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Bava Kama, 87


OPINIONS: Rebbi Yehudah exempts a blind person from all of the Mitzvos in the Torah. Does this mean that a blind man can do whatever he pleases and is viewed like a Shoteh with regard to the Mitzvos?
(a) REBBI AKIVA EIGER and the TUREI EVEN (Megilah 24a, DH Eino) assert that a blind person is Chayav to keep the Mitzvos Lo Ta'aseh, even if he is exempt from all Mitzvos Aseh. They prove this from TOSFOS here (DH v'Chen (#2)) and in Megilah who writes that a blind person is Chayav to keep Mitzvos d'Rabanan, and therefore he can make Berachos on Mitzvos that he performs. This is why Rav Yosef was not saddened that he could not recite Berachos when he heard that he was exempt from Mitzvos (since he was blind), because he *could* recite Berachos even though he was blind. The Gemara in Shabbos (23a) explains that one makes a Berachah on a Mitzvah d'Rabanan, saying "Asher Kideshanu b'Mitzvosav v'Tzivanu," because of the Mitzvah d'Oraisa of "Lo Sasur," which obligates a person, mid'Oraisa, to follow the dictates of the Rabanan. Why, then, should a blind person be able to say "Asher Kideshanu b'Mitzvosav v'Tzivanu" for a Mitzvah d'Rabanan, if he is not obligated in the Mitzvah d'Oraisa of "Lo Sasur" which is what obligates people to fulfill Mitzvos d'Rabanan?

Obviously, the blind person is also obligated to observe "Lo Sasur" and all Mitzvos Lo Ta'aseh. Rebbi Yehudah means to exempt the blind person only from Mitzvos Aseh.

This is also the opinion of the PRI MEGADIM (Introduction to Orach Chaim 3:29), who cites additional proof from the fact that Rebbi Yehudah requires a verse to exempt a blind person from Misah and Galus when he kills another Jew. If he would not be prohibited to kill, then it would be obvious that he cannot be punished! This is also the opinion of the SHE'EILAS YA'AVETZ (1:75), the CHIDA in MACHZIK BERACHAH (OC 53:5), the MAHARATZ CHIYUS here. Tosfos writes that the Rabanan obligated a blind person to observe the Mitzvos so that he not be like a Nochri. This seems to imply that a blind person does not even have to keep the Mitzvos Lo Ta'aseh that apply to other Jews, which is why he would be like a Nochri. However, as the Pri Megadim writes, Tosfos might simply mean that a Jew needs to perform *positive actions* (Mitzvos Aseh) in order to define him as a Jew, since a lack of action (observing the Mitzvos Lo Ta'aseh) does not give him a clear Jewish identity.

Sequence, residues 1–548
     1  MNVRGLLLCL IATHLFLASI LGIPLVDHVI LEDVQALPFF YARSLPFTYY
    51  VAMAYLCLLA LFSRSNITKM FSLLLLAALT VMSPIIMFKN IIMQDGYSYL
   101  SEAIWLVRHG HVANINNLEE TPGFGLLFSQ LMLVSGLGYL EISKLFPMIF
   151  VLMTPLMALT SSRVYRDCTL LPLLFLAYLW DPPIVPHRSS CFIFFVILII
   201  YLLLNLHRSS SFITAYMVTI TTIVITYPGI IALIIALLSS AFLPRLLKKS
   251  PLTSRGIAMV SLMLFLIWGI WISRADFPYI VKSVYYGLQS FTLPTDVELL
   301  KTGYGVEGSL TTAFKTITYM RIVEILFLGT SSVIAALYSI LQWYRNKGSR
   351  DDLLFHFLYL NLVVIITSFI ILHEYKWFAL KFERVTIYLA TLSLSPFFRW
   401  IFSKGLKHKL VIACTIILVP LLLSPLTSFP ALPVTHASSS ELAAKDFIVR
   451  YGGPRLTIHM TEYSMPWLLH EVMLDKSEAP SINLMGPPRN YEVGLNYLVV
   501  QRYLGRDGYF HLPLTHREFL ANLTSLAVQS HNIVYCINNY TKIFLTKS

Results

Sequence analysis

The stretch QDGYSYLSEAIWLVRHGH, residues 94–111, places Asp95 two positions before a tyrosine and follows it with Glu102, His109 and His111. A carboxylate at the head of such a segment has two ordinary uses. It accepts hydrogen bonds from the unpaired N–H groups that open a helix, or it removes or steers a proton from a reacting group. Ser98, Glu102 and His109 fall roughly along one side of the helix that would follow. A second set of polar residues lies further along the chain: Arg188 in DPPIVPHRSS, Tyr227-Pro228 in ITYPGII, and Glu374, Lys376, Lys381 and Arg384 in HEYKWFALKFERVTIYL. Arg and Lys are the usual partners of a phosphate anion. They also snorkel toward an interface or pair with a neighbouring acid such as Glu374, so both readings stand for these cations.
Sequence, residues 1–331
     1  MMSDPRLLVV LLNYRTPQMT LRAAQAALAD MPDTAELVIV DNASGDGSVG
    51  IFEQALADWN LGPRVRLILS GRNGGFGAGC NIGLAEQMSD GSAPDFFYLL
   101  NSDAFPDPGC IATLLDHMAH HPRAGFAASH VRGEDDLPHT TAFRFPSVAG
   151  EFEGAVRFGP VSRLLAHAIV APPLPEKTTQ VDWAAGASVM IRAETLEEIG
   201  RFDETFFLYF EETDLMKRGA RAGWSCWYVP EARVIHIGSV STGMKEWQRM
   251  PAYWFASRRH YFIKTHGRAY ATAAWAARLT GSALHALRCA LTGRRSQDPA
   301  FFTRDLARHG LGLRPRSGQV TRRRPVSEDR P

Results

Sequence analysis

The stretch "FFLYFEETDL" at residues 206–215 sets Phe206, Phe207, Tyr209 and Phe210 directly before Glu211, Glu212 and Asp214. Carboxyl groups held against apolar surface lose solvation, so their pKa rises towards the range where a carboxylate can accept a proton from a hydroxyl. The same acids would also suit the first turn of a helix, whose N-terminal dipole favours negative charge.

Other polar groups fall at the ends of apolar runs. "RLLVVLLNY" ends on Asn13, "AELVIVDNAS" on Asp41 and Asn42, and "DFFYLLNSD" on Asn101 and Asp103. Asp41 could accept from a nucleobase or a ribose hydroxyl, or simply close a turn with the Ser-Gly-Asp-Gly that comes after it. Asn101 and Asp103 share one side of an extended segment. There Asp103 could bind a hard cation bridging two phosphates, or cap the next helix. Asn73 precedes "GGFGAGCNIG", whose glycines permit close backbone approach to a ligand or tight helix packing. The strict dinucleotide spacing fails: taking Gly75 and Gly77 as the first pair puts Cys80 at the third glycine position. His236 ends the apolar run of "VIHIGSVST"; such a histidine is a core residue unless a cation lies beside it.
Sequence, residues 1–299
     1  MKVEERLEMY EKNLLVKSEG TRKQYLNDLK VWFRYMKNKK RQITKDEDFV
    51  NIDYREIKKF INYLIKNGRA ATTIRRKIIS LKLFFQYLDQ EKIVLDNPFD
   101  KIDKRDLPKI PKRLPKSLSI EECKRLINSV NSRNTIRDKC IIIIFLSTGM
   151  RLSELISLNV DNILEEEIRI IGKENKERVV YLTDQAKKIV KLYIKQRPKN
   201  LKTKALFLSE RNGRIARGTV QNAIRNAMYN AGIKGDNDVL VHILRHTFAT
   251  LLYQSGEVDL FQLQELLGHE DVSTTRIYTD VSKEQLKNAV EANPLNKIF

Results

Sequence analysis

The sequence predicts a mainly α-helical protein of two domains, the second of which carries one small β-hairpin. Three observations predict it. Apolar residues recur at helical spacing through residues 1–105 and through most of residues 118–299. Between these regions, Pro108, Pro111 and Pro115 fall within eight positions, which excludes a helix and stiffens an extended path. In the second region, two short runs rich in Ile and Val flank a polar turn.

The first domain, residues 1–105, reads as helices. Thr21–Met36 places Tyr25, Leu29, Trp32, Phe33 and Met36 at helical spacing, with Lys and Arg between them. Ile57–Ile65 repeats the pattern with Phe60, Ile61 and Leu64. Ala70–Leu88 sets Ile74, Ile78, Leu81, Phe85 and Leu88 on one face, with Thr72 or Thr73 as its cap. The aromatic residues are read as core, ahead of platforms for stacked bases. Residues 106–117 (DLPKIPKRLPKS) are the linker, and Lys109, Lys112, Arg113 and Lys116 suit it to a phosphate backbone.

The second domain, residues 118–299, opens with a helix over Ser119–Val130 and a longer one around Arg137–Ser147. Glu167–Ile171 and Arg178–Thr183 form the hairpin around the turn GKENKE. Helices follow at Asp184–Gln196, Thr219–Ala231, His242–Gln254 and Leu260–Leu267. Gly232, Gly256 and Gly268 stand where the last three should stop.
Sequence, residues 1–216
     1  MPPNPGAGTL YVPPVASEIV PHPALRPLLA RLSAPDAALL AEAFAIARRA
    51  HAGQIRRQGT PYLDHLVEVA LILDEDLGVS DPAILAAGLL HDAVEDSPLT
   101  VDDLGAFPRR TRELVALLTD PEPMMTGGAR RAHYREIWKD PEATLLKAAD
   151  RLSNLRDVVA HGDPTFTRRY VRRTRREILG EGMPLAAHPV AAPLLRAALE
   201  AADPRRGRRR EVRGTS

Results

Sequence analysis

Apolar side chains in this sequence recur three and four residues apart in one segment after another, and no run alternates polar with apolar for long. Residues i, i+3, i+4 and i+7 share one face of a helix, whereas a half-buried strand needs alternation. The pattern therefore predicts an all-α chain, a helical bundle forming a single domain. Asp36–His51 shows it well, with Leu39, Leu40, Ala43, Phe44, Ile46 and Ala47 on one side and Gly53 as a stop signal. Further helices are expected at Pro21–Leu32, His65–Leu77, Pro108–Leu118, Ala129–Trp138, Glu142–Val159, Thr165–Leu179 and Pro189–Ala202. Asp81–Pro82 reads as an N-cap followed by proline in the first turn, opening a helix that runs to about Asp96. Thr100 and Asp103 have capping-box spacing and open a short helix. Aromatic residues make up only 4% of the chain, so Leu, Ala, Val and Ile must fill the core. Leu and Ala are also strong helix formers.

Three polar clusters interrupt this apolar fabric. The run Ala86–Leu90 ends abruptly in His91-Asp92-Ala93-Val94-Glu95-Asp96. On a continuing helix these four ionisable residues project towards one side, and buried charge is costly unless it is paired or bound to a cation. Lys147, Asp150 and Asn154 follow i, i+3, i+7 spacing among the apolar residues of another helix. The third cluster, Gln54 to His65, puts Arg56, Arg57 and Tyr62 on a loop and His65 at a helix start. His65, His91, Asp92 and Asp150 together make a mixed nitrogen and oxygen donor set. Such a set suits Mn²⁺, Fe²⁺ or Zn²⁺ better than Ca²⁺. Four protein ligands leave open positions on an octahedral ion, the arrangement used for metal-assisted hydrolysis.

(b) The NODA B'YEHUDAH (Mahadura Tinyana, OC 112) argues with the Pri Megadim and writes that according to Rebbi Yehudah, a blind person is exempt even from Mitzvos Lo Ta'aseh. The MINCHAS CHINUCH (2:25) points out that this is the opinion of the RID in SEFER HAMACHRIA (#78). Depending on the Girsa in the ROSH, the Rosh in Kidushin (1:49) might also be of this opinion. How will the Noda b'Yehudah, Rid, and Rosh refute the proofs of the Acharonim cited above?

With regard to Rebbi Akiva Eiger's proof from the fact that a blind person may say "v'Tzivanu," the proof can be expanded by asking that if the blind person is not obligated to observe the Mitzvah of "Lo Sasur," then what obligates him to listen to what the Rabanan decree in the first place? This question is paralleled by the question that the Acharonim ask on the RAMBAN in Sefer ha'Mitzvos (Shoresh ha'Rishon). The Ramban (arguing on the Rambam) writes that we cannot derive from "Lo Sasur" that there is a Mitzvah d'Oraisa to keep every Mitzvah d'Rabanan. According to the Ramban, what then *does* obligate a person to listen to the Rabanan? Similarly, the Acharonim (KUNTRUSEI SHI'URIM, Bava Metzia 12:6) ask how the Rabanan can obligate a Katan to keep the Mitzvos (according to Tosfos in Berachos 48a, DH Ad; see RASHI there (DH Ad), and RAMBAN (Milchamos) to Berachos 20b), and how the Rabanan can obligate a Nochri to keep certain Mitzvos (see LECHEM MISHNEH, Hilchos Melachim 10:9).